In 2003, the NFL attempted to shed it’s image as an “old boys club” and diversify their employees. The “Rooney Rule” was established, a rule that required teams to interview at least one minority candidate for any head coaching or senior football operations jobs (like general manager or team president).

League commissioner Roger Goodell said on Thursday that the league would be taking the next step, and establishing a similar rule to ensure that females are given equal consideration for various roles within the team.

“We believe in diversity,” Goodell said at the NFL’s first Women’s Summit. “We believe we’re better as an organization when we have good people at the table. We have great people at the table. … We’re also seeing it on the field.”

“You can see that progress is being made,” he continued. “And our commitment is we have something called the Rooney Rule, which requires us to make sure when we have an opening, that on the team or the league level, that we are going to interview a diverse slate of candidates. Well we’re going to make that commitment and we’re going to formalize that we, as a league, are going to do that with women as well in all of our executive positions. Again, we’re going to keep making progress here and make a difference.”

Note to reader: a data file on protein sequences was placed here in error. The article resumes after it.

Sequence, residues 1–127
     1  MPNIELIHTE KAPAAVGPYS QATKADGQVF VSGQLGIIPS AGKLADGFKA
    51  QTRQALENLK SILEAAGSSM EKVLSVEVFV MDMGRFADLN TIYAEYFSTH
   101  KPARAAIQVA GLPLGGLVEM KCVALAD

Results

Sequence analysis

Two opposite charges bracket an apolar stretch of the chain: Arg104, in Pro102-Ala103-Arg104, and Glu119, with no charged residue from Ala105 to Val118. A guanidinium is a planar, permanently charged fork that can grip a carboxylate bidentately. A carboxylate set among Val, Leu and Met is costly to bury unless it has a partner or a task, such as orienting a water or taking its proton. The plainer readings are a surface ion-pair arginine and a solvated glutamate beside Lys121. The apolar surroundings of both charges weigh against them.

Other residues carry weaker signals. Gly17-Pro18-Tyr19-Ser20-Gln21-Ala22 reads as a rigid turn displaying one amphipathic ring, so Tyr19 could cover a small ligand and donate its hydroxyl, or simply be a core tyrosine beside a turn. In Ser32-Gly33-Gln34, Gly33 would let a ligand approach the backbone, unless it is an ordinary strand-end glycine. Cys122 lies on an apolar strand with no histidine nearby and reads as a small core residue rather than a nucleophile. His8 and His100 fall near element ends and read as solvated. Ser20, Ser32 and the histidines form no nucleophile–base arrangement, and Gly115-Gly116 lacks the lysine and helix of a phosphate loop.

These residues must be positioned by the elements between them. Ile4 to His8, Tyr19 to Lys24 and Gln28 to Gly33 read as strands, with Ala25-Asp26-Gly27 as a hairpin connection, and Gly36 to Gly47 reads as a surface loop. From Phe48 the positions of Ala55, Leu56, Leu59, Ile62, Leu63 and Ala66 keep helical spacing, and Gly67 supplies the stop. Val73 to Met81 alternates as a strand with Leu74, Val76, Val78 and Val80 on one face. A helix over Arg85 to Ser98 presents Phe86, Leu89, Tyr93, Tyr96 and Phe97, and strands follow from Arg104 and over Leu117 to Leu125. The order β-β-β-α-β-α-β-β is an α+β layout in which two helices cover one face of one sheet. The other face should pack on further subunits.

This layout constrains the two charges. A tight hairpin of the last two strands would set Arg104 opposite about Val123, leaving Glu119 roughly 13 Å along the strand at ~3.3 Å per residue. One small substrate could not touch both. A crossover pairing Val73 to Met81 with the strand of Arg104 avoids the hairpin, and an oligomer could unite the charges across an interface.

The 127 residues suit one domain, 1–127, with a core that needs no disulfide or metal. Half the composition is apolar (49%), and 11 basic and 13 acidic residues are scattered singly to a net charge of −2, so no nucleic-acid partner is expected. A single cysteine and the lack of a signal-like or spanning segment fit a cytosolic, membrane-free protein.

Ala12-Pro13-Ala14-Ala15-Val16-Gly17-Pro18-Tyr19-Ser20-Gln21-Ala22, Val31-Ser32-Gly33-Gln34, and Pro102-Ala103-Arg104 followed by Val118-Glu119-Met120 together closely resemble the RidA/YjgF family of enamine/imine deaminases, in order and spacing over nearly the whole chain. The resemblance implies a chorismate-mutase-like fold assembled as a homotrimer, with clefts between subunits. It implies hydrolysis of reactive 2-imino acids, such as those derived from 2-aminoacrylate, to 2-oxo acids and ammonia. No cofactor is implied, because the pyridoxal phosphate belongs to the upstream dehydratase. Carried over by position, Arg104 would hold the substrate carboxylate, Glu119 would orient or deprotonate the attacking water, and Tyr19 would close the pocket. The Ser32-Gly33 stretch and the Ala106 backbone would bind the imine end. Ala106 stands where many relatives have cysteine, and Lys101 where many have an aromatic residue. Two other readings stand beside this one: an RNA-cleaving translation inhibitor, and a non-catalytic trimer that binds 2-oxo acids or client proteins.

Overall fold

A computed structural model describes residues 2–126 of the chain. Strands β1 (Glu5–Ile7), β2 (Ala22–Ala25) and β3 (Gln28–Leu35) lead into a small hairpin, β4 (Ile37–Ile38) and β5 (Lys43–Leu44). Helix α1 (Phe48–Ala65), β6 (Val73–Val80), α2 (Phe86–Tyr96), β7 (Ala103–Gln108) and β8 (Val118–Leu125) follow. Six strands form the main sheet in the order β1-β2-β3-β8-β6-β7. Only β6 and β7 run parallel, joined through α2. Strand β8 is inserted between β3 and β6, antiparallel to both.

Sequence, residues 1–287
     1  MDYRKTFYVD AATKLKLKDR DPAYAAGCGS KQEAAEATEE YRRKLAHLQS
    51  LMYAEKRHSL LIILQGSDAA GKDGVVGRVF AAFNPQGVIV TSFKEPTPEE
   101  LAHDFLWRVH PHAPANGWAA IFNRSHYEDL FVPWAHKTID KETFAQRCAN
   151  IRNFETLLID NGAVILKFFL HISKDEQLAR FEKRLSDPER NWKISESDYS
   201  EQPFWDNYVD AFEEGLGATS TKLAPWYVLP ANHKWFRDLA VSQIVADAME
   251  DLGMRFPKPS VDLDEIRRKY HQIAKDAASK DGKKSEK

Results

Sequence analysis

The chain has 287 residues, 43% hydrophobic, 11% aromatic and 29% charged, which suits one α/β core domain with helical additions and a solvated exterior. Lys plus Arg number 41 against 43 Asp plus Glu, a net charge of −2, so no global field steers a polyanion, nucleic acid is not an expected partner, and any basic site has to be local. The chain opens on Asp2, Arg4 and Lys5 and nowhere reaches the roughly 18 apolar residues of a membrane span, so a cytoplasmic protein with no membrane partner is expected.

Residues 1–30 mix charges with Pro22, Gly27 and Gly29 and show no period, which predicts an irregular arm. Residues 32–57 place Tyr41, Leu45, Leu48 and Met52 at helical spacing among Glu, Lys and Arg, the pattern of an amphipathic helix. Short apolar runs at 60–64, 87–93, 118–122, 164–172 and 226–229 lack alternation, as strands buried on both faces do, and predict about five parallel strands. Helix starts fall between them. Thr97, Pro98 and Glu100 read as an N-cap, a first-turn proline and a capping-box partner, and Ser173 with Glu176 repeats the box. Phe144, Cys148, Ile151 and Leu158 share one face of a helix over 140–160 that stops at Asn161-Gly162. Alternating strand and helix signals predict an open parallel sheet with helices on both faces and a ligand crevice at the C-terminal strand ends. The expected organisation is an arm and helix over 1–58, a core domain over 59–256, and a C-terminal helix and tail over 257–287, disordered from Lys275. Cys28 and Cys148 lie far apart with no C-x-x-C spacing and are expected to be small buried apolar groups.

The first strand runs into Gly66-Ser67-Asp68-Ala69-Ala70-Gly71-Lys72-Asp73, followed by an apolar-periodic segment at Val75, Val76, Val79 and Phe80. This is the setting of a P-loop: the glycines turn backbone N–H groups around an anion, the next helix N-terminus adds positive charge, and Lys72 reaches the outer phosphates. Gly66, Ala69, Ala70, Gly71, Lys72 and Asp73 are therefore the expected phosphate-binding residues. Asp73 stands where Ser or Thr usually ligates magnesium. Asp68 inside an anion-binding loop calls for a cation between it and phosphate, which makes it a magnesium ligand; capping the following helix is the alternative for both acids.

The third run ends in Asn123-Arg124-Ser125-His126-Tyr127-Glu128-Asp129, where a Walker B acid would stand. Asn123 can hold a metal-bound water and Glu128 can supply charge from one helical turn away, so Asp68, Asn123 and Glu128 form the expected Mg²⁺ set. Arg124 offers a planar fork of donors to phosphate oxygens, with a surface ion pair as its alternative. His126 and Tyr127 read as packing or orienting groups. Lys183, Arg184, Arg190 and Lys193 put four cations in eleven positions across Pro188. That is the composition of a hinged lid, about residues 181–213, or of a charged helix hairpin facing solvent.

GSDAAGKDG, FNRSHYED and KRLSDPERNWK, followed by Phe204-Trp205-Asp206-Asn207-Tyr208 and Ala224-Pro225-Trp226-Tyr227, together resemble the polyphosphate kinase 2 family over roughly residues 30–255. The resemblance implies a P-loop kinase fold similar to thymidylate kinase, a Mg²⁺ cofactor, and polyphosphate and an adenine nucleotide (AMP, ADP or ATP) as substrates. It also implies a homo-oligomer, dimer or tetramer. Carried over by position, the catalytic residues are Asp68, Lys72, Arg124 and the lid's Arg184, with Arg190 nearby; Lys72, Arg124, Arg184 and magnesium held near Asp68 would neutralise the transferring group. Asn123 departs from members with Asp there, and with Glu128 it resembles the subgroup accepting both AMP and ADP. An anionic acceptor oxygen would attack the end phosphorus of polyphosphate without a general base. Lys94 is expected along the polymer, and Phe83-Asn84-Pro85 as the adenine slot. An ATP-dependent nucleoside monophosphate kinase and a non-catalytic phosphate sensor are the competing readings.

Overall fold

In the past few years, the NFL has had a few historic moments when it comes to female employment. Sarah Thomas became their first female official and Jen Weiter became the first female to hold a position on an NFL coaching staff, with the Arizona Cardinals. The Buffalo Bills have also hired Kathryn Smith (pictured above) to be their special teams quality control coach.

There are still very few women in senior executive postions in the NFL. Most notably, Dawn Aponte is the  executive vice president of football administration for the Miami Dolphin. The Oakland Raiders previously has a female CEO, Amy Trask, for 16 years until she resigned the position in 2013.